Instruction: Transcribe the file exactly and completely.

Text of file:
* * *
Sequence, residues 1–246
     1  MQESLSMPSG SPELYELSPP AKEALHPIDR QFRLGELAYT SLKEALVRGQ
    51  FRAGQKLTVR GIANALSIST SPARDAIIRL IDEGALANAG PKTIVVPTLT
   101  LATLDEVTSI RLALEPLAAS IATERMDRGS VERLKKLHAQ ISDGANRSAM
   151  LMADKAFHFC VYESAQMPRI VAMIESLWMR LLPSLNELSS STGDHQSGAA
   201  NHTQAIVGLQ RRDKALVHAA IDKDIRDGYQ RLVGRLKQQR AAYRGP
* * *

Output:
Sequence, residues 1–246
     1  MQESLSMPSG SPELYELSPP AKEALHPIDR QFRLGELAYT SLKEALVRGQ
    51  FRAGQKLTVR GIANALSIST SPARDAIIRL IDEGALANAG PKTIVVPTLT
   101  LATLDEVTSI RLALEPLAAS IATERMDRGS VERLKKLHAQ ISDGANRSAM
   151  LMADKAFHFC VYESAQMPRI VAMIESLWMR LLPSLNELSS STGDHQSGAA
   201  NHTQAIVGLQ RRDKALVHAA IDKDIRDGYQ RLVGRLKQQR AAYRGP